• Face masking and COVID-19: potential effects of variolation on transmission dynamics – “Overall, increasing the effectiveness of mask-induced variolation—whether by increasing the probability that an infection will be mild, reducing the transmissibility of mild infections or reducing the length of mild infections—has the potential to drastically impact disease control, by slowing spread and reducing the magnitude of the epidemic peak (‘flattening the curve’ [59,60]), reducing the number of severe cases in the initial wave and reducing the prevalence of severe cases at equilibrium.”
  • What were the historical reasons for the resistance to recognizing airborne transmission during the COVID-19 pandemic? – “The question of whether SARS-CoV-2 is mainly transmitted by droplets or aerosols has been highly controversial. We sought to explain this controversy through a historical analysis of transmission research in other diseases.”
  • Ten scientific reasons in support of airborne transmission of SARS-CoV-2 – “In conclusion, we propose that it is a scientific error to use lack of direct evidence of SARS-CoV-2 in some air samples to cast doubt on airborne transmission while overlooking the quality and strength of the overall evidence base. There is consistent, strong evidence that SARS-CoV-2 spreads by airborne transmission. Although other routes can contribute, we believe that the airborne route is likely to be dominant. The public health community should act accordingly and without further delay.”
  • SARS-CoV and SARS-CoV-2 are transmitted through the air between ferrets over more than one meter distance – “Here, it is shown that SARS-CoV can be transmitted through the air between ferrets and that both SARS-CoV and SARS-CoV-2 are transmissible through the air between ferrets over more than a meter distance, similar to a control A/H1N1 influenza virus.”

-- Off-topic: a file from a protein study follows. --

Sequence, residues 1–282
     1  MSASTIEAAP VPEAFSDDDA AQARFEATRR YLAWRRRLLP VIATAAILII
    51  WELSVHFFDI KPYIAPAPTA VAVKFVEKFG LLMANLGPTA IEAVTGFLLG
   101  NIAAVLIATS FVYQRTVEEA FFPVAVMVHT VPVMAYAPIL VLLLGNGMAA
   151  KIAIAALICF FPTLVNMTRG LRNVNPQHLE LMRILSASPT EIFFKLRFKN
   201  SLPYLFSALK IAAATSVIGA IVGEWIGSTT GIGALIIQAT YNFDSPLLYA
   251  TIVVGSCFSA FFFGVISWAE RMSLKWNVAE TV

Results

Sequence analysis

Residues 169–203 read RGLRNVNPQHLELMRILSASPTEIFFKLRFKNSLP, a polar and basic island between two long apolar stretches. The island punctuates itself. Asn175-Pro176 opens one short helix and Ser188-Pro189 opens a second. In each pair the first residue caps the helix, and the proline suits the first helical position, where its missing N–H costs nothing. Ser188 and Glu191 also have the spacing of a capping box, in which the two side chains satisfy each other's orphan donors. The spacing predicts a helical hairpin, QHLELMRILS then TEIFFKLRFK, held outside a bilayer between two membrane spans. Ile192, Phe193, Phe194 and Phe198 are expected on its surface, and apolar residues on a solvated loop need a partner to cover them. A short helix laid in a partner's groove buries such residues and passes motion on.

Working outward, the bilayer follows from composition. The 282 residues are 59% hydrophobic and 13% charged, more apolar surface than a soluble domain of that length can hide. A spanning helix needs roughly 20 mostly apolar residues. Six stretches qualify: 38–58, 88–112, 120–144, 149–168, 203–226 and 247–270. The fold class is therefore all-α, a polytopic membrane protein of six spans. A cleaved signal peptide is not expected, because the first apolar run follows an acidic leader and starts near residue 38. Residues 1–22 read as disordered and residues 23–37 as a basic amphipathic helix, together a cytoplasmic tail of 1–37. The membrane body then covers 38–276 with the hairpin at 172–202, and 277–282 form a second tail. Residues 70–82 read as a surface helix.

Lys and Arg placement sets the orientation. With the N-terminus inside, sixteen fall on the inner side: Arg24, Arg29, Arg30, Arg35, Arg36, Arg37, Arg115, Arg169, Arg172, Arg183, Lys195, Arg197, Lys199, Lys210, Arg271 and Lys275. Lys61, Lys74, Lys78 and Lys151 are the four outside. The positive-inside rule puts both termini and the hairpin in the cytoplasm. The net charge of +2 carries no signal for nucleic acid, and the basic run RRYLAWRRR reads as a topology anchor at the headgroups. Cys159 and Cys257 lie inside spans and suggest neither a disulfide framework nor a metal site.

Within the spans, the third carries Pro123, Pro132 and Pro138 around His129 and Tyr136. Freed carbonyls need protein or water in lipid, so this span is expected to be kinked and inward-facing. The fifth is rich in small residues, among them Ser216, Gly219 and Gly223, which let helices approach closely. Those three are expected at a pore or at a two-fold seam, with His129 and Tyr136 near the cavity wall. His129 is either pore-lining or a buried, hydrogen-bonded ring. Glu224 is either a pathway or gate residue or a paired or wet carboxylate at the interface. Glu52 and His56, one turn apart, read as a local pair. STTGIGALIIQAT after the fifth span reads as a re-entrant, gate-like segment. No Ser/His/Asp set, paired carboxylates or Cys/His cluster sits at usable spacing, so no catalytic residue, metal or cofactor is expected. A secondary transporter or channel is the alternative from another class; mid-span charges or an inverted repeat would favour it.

• Viable SARS-CoV-2 in the air of a hospital room with COVID-19 patients – “Patients with respiratory manifestations of COVID-19 produce aerosols in the absence of aerosol-generating procedures that contain viable SARS-CoV-2, and these aerosols may serve as a source of transmission of the virus.”
  • Indoor Air and Coronavirus (COVID-19) – “Spread of COVID-19 occurs via airborne particles and droplets. People who are infected with COVID can release particles and droplets of respiratory fluids that contain the SARS CoV-2 virus into the air when they exhale (e.g., quiet breathing, speaking, singing, exercise, coughing, sneezing). The droplets or aerosol particles vary across a wide range of sizes – from visible to microscopic. Once infectious droplets and particles are exhaled, they move outward from the person (the source). These droplets carry the virus and transmit infection. Indoors, the very fine droplets and particles will continue to spread through the air in the room or space and can accumulate.”
  • The Impact of Mask Mandates on Face Mask Use During the COVID-19 Pandemic: Longitudinal Survey Study – “Study findings provide added insight into the dynamics of face mask use during the COVID-19 pandemic. Mask mandates supported increased and sustained high face mask usage rates during the first 2 years of the pandemic, having the greatest impact in indoor public locations with limited opportunity for physical distancing targeted by these mandates. These findings highlight the utility of mask mandates in supporting high face mask usage rates during the COVID-19 pandemic.”